Summary Court-Martial (SCM).  Trial by SCM is a simplified procedure to resolve minor offenses or incidents of misconduct. The presiding officer is one officer who is typically a Judge Advocate (military lawyer). The max punishment from a SCM is less than a special or general court-martial, with confinement up to 1 month, hard labor without confinement up to 45 days, restriction up to 2 months, and 2/3 forfeiture of pay for 1 month. An accused individual must consent to be tried by SCM and cannot be tried by SCM if the Accused objects, even if the Accused previously refused a prior Article 15 and demanded trial by court-martial for the same offenses.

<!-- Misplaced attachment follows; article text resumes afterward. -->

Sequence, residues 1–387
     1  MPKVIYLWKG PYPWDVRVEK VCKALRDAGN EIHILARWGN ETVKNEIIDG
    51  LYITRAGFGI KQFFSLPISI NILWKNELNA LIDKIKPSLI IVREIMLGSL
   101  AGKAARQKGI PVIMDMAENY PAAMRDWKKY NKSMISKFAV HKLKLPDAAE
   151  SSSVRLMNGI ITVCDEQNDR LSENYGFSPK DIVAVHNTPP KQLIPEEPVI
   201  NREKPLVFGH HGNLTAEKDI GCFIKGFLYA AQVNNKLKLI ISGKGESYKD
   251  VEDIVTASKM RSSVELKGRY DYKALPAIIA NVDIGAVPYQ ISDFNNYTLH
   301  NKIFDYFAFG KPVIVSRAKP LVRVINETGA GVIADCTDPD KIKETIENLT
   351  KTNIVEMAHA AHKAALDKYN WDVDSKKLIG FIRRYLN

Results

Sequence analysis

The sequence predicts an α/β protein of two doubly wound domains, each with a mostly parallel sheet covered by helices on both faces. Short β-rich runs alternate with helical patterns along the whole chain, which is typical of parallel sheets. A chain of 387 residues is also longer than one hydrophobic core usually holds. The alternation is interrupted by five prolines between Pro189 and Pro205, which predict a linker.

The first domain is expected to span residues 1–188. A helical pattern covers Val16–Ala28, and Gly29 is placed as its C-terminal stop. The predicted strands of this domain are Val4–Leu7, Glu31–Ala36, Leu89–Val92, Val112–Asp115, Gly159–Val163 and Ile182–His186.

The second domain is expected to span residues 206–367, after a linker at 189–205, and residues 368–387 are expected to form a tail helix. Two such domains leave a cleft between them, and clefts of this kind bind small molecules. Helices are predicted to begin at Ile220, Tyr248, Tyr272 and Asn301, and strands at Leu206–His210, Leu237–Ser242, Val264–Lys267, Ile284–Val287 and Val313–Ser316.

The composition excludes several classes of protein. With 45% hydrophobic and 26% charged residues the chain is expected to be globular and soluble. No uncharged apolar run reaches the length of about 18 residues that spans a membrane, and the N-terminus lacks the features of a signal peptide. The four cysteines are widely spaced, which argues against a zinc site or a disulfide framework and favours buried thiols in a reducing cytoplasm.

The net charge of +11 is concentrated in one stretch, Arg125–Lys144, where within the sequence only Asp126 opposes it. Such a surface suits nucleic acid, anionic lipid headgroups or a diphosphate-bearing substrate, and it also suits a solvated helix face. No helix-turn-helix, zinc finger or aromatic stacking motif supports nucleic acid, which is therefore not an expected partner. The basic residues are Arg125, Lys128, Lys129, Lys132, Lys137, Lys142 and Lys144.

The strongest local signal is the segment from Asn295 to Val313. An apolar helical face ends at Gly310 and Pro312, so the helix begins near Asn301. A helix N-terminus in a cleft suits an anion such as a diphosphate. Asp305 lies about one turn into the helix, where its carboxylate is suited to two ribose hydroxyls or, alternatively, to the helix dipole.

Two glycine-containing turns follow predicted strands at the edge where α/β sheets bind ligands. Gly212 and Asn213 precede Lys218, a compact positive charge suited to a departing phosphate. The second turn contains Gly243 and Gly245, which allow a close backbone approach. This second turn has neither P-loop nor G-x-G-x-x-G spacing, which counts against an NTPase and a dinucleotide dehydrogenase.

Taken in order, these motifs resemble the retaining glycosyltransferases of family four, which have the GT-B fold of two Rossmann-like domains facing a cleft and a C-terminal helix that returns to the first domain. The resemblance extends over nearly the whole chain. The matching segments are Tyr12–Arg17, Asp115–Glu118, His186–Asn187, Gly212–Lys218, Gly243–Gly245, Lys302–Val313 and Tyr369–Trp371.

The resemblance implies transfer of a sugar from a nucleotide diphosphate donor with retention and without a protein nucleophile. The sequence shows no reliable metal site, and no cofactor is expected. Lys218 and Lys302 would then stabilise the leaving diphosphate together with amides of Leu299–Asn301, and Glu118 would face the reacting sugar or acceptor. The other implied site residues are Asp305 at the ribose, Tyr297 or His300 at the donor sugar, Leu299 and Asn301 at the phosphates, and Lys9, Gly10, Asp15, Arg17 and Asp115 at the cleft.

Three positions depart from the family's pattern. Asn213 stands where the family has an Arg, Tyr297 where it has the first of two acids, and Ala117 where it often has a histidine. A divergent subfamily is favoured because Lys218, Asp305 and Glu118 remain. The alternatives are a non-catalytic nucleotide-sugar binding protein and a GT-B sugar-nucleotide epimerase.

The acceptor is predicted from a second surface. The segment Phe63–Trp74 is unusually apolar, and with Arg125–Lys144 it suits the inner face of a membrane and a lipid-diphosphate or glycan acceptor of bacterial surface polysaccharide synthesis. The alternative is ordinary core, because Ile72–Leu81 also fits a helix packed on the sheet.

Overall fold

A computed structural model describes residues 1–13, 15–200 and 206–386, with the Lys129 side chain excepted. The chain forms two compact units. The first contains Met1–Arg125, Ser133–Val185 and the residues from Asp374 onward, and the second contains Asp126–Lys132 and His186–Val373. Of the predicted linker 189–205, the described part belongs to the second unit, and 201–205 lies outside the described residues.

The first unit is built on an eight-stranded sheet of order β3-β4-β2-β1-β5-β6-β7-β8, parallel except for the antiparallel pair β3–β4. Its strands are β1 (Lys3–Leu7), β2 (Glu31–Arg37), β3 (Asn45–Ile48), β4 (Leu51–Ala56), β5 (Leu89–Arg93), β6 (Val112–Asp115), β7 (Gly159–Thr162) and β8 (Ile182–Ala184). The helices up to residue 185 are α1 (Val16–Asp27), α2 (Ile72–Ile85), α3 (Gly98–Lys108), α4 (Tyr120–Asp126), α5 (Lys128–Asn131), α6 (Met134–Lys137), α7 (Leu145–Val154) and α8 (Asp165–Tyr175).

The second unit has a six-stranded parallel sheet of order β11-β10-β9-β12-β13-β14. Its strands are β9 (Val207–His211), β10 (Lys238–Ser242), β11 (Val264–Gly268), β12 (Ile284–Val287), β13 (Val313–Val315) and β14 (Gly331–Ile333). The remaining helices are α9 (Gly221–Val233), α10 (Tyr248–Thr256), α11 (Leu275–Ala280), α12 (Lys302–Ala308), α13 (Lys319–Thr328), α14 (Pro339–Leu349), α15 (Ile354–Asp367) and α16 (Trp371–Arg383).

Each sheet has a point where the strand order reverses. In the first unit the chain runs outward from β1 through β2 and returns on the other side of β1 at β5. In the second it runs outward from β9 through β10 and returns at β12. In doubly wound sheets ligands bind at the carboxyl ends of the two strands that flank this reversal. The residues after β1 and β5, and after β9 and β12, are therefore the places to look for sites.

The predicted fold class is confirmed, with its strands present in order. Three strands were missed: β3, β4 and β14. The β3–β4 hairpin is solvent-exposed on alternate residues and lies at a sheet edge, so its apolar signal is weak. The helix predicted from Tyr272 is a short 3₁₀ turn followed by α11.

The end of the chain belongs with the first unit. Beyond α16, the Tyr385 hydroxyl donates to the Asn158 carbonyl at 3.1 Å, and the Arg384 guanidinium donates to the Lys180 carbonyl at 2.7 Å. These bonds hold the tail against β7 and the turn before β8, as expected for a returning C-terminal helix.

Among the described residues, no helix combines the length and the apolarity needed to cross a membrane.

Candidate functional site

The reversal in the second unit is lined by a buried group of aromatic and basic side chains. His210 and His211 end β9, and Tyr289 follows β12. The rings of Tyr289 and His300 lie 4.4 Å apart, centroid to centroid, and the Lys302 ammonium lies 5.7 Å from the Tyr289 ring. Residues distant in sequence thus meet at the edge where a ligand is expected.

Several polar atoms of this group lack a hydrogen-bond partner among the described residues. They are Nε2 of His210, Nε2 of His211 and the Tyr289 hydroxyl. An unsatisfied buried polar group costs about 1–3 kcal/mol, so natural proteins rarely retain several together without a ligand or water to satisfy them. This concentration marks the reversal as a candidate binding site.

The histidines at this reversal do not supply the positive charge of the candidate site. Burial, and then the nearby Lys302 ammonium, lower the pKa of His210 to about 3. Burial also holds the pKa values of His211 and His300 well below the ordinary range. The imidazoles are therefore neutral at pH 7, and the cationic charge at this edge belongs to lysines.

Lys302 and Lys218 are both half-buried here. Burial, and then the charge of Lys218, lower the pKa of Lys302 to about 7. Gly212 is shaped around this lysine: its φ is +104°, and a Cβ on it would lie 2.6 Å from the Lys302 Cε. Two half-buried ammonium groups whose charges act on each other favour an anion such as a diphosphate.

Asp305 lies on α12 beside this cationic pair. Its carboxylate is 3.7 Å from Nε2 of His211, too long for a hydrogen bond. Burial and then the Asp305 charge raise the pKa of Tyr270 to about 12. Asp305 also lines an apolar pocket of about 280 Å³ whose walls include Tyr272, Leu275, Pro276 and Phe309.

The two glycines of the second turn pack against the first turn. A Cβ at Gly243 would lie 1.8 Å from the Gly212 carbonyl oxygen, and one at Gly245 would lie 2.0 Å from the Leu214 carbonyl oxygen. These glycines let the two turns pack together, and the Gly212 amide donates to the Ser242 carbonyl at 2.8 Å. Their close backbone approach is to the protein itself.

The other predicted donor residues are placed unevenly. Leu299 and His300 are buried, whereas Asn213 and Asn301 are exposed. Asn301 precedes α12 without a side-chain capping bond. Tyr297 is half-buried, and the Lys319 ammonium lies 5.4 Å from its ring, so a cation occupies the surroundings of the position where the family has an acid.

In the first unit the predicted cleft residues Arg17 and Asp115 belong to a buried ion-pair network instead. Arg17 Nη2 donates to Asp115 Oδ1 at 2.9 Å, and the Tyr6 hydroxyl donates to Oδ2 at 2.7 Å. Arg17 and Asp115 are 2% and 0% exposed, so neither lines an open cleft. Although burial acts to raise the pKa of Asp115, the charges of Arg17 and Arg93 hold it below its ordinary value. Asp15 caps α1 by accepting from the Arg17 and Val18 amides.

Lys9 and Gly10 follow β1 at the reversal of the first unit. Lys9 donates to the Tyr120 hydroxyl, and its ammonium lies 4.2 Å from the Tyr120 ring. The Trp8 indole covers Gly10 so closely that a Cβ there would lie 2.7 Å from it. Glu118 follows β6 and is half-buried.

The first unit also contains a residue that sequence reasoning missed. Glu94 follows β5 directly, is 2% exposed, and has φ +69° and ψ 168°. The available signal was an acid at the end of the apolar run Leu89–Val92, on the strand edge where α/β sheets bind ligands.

Special Court-Martial (SPCM).  This is an intermediate level court-martial and can be a bench trial (Judge Alone) or a jury trial (a four member panel of military personnel), with both military prosecutors and defense counsel. The Accused can elect to be tried by members, i.e., jury.  The convening authority may order that only a military judge hear the case  and determine the Accused's guilt or innocence and possible punishment. Punishment at SPCM is dictated by the SPCM itself if a member SPCM. Confinement is limited to no more than 12 months (or a lesser amount if a lesser max exists) , forfeiture of pay, a bad conduct discharge (BCD) and reduction in rank for enlisted accused, and certain lesser punishments. A sentence from a Judge Alone SPCM is no more than 6 months confinement (or a lesser amount if a lesser max exists), forfeiture of pay for 6 months, and reduction in rank for enlisted accused. An officer accused in a SPCM cannot be dismissed from service, be confined, or be reduced in rank.